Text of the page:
15 Unfortunate Problems Every Creative Writing Major Attempts To Get Over

Flickr / April Killingsworth
Flickr / April Killingsworth

1. A Creative Writing teacher is more likely to tell you how to interpret a text.

A student should not be told how to interpret a text. It is one thing to correct a student if he or she makes a factual error about a plot point but students are supposed form their own opinions and meaning from a text.

2. Creative Writing teachers are more biased towards literary fiction.

There’s nothing wrong with literary fiction. It just tends to be boring. There’s nothing interesting about having a quiet story where the art of writing is more important than the actual story being told. The biggest newsflash of all is that commercial and genre fiction is just as popular as literary fiction if not more. Just because a novel isn’t literary fiction doesn’t mean it doesn’t have merit. It does. Creative Writing teachers just don’t realize it.

3. Some of the teachers don’t know how to lead a workshop.

It’s kind of funny. A teacher should be able to figure out how to lead a Creative Writing workshop. That isn’t the case with some teachers. A student needs to know what is working and what isn’t working with his or her piece of writing. Perhaps teachers need to hear the phrase “accentuate the positive and eliminate the negative.”

4. Skill is subjective.

That’s a big problem with being a writer. A writer can’t please everyone. People have different definitions of what makes a piece of writing “well written,” which means looking at a work is subjective. The problem is teachers are also subjective.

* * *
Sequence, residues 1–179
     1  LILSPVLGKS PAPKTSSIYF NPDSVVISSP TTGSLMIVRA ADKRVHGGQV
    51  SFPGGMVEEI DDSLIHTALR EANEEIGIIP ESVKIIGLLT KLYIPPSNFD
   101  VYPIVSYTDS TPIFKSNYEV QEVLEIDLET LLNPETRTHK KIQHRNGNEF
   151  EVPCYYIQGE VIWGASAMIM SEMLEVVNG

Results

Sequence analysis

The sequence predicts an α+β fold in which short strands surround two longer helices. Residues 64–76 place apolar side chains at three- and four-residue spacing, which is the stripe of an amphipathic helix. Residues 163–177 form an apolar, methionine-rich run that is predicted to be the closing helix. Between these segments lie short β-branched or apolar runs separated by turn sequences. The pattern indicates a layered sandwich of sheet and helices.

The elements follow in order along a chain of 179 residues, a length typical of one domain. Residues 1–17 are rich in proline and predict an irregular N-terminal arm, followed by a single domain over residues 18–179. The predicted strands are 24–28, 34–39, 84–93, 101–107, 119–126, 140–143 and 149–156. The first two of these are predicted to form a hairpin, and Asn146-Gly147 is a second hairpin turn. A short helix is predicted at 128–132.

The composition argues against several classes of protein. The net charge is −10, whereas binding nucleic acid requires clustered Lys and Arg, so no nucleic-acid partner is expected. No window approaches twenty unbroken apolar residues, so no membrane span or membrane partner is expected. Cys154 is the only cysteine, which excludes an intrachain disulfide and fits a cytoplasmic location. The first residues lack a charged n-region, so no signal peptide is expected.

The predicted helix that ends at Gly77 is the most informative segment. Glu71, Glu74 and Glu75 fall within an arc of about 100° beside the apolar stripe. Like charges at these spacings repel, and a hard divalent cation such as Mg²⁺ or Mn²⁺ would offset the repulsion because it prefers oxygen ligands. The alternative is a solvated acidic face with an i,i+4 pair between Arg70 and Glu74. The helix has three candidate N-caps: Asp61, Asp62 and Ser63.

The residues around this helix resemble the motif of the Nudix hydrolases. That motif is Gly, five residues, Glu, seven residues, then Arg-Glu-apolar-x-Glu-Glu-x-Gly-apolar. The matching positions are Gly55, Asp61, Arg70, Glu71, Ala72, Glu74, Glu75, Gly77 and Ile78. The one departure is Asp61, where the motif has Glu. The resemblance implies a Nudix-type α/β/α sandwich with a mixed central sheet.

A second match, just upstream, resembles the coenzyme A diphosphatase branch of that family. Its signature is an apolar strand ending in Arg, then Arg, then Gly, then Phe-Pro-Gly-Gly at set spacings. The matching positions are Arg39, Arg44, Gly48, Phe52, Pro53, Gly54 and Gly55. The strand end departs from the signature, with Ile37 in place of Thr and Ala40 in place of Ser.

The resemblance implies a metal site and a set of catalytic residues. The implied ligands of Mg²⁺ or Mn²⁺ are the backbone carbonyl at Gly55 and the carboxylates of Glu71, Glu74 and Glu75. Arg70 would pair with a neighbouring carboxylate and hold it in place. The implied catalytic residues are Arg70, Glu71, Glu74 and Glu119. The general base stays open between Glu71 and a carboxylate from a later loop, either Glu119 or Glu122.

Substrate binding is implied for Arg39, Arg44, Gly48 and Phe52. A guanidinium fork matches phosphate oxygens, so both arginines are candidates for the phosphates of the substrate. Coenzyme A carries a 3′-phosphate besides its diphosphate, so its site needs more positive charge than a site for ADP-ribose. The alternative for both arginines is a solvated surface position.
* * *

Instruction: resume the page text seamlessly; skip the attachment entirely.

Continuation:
5. Your teachers will grade on their definition of skill.

That becomes unfair, as it has already been established that writing is subjective, which means a student is at a teacher’s mercy.

6. Students will be forced to create the work for the teacher as opposed to working on their writing craft.

A student should not be bullied to make the work to please the teacher(s). While there’s nothing wrong with throwing around an occasional plot suggestion, the work needs to follow the student’s vision, not the teacher’s. A problem clearly exists when a student begins to question whether they are working on their craft or not.

7. You can’t please the teachers even when you try and mold the story/poem/script to their preferences.

This point is probably one of the most alarming out of all 15 as it exemplifies there’s no winning with some Creative Writing teachers. A teacher still might not be happy even when the student follows the suggestions.

8. Students might be required to go to readings that the Creative Writing department has set up.

There’s nothing wrong with going to events on a student’s college campus. However, teachers aren’t parents and cannot force a student to go to an event. Also, students are going to be a less likely to want to go to an event after having their spirit broken time after time. It’s simple logic.

9. The students are just as bad as the teachers.